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Judge Abrams Finds That Working from Home Does Not Mean Venue is Proper

On October 2, 2019, District Judge Ronnie Abrams (S.D.N.Y.) granted Defendant Quora Inc.’s (“Quora”) motion to transfer the case to the Northern District of California.

Quora is a Delaware corporation. While Plaintiff NetSoc, LLC (“NetSoc”) alleged that Quora’s principal place of business is in New York, Quora stated that its principal place of business is actually in Mountain View, California and that: “it does not own property in New York City, nor does it hold itself out as doing business from any employee’s residence in New York City.” Quora noted that it hired a salesperson who worked remotely from his home in New York when not at Quora’s headquarters in Mountain View, California.

The Court addressed whether NetSoc met its burden of demonstrating that Quora “has a regular and established place of business in the district.” And the Court determined that NetSoc did not meet that burden. First, the Court reiterated that venue is analyzed at the time the action was commenced. Therefore, venue was assessed as of December 12, 2018, prior to Quora’s usage of WeWork office space in New York City. NetSoc was unable to rebut Quora’s assertion that “it does not conduct business” in any physical address in New York prior to the filing of this action. The Court noted that Quora having a registered agent for service of process in New York is irrelevant to the inquiry of whether Quora has a “physical place in the district” for purposes of venue.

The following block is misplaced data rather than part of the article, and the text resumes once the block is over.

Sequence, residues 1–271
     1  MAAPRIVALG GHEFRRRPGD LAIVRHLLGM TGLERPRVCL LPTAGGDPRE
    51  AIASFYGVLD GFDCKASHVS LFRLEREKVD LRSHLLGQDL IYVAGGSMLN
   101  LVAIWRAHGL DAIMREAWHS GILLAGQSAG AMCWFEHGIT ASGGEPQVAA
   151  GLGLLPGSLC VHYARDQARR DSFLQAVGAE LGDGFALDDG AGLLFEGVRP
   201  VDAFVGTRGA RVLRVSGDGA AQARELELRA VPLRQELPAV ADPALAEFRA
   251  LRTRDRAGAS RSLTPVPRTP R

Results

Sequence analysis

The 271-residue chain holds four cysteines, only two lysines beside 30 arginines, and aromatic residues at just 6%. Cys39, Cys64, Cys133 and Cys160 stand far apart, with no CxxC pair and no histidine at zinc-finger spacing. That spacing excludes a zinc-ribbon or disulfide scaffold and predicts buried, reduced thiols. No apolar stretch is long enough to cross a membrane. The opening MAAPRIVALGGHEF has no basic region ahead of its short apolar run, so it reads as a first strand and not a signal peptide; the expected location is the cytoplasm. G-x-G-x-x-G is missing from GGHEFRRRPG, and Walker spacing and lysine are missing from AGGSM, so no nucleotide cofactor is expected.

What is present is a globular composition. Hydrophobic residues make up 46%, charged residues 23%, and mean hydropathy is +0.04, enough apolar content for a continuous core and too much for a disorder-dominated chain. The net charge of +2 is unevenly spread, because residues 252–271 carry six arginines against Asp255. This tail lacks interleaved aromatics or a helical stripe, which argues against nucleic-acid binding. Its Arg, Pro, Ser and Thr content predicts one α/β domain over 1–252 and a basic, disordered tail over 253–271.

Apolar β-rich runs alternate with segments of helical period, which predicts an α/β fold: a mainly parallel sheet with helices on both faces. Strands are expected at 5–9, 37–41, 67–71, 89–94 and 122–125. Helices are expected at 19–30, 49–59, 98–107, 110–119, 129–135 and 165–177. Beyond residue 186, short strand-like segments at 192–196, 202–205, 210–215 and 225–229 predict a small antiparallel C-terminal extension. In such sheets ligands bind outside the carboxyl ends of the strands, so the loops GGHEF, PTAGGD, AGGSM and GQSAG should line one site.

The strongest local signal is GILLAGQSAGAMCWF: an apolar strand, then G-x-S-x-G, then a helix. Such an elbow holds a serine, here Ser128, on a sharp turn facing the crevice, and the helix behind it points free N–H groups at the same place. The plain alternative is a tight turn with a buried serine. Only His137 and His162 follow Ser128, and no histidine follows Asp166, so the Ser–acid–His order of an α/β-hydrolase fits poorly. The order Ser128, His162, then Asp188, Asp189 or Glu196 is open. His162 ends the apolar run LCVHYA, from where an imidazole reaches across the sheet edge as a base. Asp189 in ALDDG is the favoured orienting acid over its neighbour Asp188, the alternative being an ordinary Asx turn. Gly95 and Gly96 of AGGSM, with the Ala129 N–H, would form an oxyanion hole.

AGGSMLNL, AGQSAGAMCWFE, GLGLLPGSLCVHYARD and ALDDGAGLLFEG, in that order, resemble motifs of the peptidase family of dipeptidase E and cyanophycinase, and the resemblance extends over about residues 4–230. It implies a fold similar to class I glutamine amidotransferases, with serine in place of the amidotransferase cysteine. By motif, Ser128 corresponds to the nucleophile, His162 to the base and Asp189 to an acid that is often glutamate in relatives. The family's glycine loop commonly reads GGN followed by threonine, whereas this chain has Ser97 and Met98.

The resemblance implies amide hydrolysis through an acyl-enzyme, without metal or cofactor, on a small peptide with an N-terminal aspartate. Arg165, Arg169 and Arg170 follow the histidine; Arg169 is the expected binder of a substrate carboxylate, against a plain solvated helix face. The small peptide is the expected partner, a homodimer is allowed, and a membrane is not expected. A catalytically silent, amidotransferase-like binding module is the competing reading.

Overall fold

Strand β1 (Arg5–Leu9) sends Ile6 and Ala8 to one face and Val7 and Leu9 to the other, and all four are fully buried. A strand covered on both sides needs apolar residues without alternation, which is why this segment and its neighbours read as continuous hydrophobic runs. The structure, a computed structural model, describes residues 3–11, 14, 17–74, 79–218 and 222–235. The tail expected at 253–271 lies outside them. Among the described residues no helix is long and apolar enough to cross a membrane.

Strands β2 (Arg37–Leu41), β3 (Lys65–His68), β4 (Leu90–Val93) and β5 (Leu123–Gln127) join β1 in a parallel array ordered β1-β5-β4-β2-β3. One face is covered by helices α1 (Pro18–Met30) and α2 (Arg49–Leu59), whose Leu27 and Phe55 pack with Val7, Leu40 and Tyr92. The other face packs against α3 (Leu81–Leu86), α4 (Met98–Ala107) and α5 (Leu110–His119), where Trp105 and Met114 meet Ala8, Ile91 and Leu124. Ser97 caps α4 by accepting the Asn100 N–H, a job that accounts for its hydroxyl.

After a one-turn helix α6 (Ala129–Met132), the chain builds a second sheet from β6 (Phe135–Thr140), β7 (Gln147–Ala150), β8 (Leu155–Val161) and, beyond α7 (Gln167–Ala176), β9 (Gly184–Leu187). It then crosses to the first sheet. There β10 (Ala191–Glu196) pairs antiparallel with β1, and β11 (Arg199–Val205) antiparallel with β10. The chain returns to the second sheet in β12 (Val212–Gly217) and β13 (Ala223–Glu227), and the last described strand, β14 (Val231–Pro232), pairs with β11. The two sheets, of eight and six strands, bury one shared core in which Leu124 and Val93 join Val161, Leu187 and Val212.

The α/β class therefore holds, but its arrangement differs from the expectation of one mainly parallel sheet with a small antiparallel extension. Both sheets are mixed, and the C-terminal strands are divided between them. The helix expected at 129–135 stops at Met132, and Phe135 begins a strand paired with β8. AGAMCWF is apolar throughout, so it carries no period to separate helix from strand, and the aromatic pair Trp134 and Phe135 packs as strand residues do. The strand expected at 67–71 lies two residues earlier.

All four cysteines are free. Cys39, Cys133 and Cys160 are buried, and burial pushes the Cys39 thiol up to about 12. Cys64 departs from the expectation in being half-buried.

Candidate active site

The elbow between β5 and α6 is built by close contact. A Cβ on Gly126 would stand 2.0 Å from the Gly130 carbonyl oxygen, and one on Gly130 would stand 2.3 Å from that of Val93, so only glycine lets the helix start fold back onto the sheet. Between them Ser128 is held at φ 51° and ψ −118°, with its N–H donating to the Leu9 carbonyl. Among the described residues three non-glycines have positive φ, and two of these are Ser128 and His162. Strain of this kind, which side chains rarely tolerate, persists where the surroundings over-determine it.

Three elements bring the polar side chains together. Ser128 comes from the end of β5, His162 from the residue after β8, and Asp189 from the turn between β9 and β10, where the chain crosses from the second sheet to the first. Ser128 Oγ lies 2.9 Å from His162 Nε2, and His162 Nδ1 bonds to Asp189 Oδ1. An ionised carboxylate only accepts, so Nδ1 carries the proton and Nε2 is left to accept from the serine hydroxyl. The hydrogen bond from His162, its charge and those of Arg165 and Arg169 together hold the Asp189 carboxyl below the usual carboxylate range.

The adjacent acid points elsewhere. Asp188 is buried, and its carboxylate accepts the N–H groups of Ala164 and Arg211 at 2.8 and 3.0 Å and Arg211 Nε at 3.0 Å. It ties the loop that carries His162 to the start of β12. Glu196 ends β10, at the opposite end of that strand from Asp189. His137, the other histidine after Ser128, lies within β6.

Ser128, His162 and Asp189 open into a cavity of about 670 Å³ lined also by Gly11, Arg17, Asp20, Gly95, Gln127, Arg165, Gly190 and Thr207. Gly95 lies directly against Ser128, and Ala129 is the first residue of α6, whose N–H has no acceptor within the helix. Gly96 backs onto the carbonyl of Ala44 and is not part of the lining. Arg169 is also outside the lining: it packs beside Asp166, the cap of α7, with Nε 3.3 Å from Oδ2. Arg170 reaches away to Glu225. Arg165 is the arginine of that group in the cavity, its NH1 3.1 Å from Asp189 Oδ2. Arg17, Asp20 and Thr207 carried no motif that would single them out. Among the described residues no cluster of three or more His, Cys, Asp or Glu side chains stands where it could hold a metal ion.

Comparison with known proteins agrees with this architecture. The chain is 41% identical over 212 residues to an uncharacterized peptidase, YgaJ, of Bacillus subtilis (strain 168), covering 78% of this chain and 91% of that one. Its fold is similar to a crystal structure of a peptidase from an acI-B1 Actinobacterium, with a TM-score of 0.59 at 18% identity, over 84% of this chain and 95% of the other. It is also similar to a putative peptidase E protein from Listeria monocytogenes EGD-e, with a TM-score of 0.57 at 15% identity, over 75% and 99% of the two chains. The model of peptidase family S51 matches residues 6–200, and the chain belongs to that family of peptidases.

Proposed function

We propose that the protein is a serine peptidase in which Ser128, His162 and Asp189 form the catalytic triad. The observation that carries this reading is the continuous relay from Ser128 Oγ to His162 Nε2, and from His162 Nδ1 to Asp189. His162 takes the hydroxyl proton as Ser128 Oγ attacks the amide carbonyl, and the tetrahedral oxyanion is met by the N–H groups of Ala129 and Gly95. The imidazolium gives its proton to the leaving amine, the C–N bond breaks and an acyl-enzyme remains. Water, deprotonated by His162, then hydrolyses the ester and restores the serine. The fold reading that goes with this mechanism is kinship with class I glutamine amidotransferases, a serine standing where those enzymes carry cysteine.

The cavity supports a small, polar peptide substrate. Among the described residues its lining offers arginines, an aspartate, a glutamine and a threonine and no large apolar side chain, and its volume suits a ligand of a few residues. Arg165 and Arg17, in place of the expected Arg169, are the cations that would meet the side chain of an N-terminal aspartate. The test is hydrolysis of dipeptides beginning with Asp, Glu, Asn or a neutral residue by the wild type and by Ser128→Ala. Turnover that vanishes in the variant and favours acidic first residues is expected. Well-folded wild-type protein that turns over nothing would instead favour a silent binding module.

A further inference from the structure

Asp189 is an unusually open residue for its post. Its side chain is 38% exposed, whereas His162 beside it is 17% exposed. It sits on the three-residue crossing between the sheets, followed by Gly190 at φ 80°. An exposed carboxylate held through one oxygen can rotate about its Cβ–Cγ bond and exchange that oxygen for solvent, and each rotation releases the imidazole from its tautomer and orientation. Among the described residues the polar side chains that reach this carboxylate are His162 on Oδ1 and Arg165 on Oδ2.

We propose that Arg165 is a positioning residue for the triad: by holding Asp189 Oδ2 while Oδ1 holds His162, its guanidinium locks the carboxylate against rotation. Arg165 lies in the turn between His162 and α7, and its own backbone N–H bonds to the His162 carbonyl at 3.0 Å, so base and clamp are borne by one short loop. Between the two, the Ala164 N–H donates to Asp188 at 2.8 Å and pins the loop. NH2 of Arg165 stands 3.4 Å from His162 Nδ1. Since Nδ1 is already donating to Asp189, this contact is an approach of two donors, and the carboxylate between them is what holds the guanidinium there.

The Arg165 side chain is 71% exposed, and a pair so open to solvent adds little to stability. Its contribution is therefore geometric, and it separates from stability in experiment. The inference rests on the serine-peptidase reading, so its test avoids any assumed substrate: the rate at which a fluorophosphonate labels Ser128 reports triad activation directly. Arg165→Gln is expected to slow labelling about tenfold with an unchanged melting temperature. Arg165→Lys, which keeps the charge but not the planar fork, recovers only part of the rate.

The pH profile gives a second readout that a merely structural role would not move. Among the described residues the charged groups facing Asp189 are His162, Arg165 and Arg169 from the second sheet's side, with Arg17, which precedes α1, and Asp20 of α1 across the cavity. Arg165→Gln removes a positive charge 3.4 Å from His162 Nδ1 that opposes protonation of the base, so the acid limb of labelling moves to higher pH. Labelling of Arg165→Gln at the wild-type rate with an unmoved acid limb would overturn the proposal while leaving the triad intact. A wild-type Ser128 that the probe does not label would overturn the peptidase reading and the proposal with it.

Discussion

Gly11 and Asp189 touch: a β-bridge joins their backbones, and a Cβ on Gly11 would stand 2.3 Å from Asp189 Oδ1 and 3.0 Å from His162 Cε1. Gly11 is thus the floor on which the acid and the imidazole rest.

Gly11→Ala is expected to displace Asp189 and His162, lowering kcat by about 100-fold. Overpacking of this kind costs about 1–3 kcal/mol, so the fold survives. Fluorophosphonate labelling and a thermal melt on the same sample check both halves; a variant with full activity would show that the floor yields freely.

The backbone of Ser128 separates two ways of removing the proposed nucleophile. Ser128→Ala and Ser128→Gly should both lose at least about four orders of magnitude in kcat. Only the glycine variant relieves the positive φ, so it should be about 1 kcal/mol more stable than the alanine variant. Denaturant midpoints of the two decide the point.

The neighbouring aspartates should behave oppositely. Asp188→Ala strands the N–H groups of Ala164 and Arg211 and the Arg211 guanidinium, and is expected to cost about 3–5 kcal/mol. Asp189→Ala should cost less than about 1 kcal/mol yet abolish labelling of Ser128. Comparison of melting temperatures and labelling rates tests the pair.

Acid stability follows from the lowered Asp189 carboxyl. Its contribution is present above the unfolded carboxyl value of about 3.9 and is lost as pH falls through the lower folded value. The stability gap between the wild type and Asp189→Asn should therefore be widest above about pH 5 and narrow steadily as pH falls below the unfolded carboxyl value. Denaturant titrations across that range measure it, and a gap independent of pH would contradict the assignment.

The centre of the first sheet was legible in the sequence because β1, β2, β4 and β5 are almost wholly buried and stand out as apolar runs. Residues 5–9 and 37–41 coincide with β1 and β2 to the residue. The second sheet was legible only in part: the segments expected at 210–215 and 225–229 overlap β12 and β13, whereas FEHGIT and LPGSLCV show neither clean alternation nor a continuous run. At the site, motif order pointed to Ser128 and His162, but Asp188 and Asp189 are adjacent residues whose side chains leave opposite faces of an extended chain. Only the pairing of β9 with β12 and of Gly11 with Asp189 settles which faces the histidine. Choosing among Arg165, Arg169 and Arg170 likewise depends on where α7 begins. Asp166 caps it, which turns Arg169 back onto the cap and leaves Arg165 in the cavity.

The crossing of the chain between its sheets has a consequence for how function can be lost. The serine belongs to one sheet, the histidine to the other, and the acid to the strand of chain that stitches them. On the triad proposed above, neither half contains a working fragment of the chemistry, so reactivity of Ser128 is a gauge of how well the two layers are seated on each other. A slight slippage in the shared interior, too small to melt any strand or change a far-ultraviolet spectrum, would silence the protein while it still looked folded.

The Court also found that NetSoc’s suggestion that a single Quora employee working from home constituted a place of business belonging to Quora was without merit. NetSoc provided no facts to rebut Quora’s assertions that “the employee paid for his own living expenses or that it does not hold itself out as doing business from any employee’s New York residence” and found that there was no basis to infer that “the employee’s employment was conditioned on him working in New York, or that he was selling Quora’s products from his home.” The Court also noted that a website “cannot constitute a basis for finding venue.”

While NetSoc did request leave to conduct venue discovery, the Court denied the request because NetSoc failed “to make any showing that the discovery it seeks is likely to uncover additional facts that could support a finding that the home of the single sales employee constituted a place of business for Quora, or that it was regular and established.”   Because the Court found that Quora did not have a “regular and established place of business” when the Complaint was filed, the Court transferred the action to the Northern District of California.

NetSoc, LLC v. Quora, Inc., No. 18-cv-12250 (RA) (S.D.N.Y. Oct. 2, 2019)